Philip 2 and Alexander the Great

From being an insignificant land on the outskirts of the Greek world, Macedonia under Philip 2, who was king in the period 359–336, became a power factor of the first rank. He reorganized the army and created a professional army, and introduced a new battle formation with heavily armed footmen in the middle equipped with long lances (sarissai) and horseback riding on the wings; this was the most effective arm position the world had seen until then.

After battles with other faithful pretenders, West Macedonian princes and thrusters in the north and east, Philip expanded the kingdom to include the entire north coast of the Aegean Sea, including the Khalkidike Peninsula, with what was there of Greek colonial towns and their inland. At the same time, he allowed the empire to expand south, subdue Thessalia and meddle in the conflicts between the states of Greece. After the attack on Byzantion in 340, Demosthenes in Athens finally succeeded in forming a "freedom league" aimed at Macedonia's expansion. The decisive battle was at Khaironeia in Boiotia in 338, when a Greek army lost to Macedonian fighting forces. Thus, with the exception of Sparta, the Greek city-states were subject to Macedonia.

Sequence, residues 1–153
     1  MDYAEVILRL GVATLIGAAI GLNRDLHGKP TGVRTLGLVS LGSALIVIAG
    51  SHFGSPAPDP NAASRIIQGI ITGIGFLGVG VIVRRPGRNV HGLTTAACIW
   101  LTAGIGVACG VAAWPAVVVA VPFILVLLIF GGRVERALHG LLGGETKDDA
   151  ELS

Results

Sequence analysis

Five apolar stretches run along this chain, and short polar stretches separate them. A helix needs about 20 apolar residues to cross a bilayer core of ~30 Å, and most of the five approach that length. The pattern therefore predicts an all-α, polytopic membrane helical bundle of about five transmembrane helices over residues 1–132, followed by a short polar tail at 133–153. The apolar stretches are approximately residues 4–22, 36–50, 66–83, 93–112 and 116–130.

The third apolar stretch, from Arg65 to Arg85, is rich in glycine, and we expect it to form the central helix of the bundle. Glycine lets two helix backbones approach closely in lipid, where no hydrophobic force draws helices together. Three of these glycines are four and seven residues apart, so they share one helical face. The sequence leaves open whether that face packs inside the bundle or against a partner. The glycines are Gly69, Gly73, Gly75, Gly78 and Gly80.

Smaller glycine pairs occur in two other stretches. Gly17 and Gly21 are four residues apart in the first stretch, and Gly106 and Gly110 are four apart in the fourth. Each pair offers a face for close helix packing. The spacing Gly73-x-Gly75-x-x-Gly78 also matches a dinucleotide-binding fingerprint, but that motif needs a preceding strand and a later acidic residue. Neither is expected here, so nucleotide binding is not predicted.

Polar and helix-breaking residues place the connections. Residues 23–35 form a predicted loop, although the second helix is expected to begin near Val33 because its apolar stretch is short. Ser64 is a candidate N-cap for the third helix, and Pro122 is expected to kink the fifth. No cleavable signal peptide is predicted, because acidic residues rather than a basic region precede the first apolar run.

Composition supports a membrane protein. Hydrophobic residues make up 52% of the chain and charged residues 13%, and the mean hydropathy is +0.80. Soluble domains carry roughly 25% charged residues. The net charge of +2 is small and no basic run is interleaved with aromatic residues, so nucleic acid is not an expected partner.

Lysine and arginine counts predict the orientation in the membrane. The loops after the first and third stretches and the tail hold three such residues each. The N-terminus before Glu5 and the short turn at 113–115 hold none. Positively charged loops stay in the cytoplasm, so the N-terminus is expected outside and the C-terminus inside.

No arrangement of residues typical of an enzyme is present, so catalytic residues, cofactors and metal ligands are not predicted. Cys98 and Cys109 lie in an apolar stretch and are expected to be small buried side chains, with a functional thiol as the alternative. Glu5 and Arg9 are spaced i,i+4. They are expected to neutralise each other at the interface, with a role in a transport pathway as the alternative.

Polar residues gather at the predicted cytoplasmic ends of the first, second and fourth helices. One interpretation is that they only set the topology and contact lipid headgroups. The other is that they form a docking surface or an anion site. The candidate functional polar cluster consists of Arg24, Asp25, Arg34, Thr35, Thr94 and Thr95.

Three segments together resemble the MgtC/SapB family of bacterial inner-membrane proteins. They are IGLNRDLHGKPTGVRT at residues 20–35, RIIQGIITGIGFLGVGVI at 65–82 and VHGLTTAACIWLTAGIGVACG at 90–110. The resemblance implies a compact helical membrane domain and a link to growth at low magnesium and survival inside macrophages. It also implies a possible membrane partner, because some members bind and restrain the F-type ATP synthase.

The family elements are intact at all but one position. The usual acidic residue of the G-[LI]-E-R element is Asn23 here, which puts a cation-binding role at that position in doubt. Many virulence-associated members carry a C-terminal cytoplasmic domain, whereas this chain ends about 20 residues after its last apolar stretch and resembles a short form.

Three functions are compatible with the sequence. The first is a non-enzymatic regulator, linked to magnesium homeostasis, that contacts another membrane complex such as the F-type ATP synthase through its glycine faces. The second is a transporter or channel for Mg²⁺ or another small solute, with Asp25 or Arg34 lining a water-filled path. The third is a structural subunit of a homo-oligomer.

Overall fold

Philip's plan was to constantly attack the Persian Empire and to have the Greeks join the settlement with the enemy of the inheritance. After Philip's death, this task was performed by his son Alexander the Great, and Macedonia was for a short time the most powerful kingdom in the ancient world. After Alexander's death, his conquest kingdom fell apart, and Macedonia, first ruled by Alexander's governor of Macedonia Antipater and later by his son Kassander, again came to consist of his ancient core land, as well as Thessalia and parts of Greece. The kingdom had a more unified character and was less dominated by ruler cult than the other Hellenistic states. The army was still powerful and made Macedonia play a bigger role in Hellenistic time than the country's modest size would indicate.

War with the Romans

After prolonged wars, the country experienced a period of peace during Antigonos Gonatas in the mid-20th century. When Philip 5 (221–179) entered into an alliance with Hannibal in 215, the country was drawn into the Roman sphere of interest. The favorable peace settlement after the first Macedonian war, in the period 215-205, led Philip to pursue an aggressive policy against the Roman Allies in the Eastern Mediterranean. The Second Macedonian War, in the period 200–197, ended with the decisive victory of the Romans at Kynoskefalai in 197. Philip had to surrender lands outside Macedonia and hand over the fleet.

Philip succeeds Persevs inherited his father's anti-Roman attitude and collaborated with Roman enemies in Greece. This led to the third Macedonian war in the years 171–167. Persevs suffered another defeat against the Romans in 168, and the kingdom was dissolved and divided into four smaller states. Macedonia became a Roman province in 148, and in 395 AD the country became part of the East Roman Empire.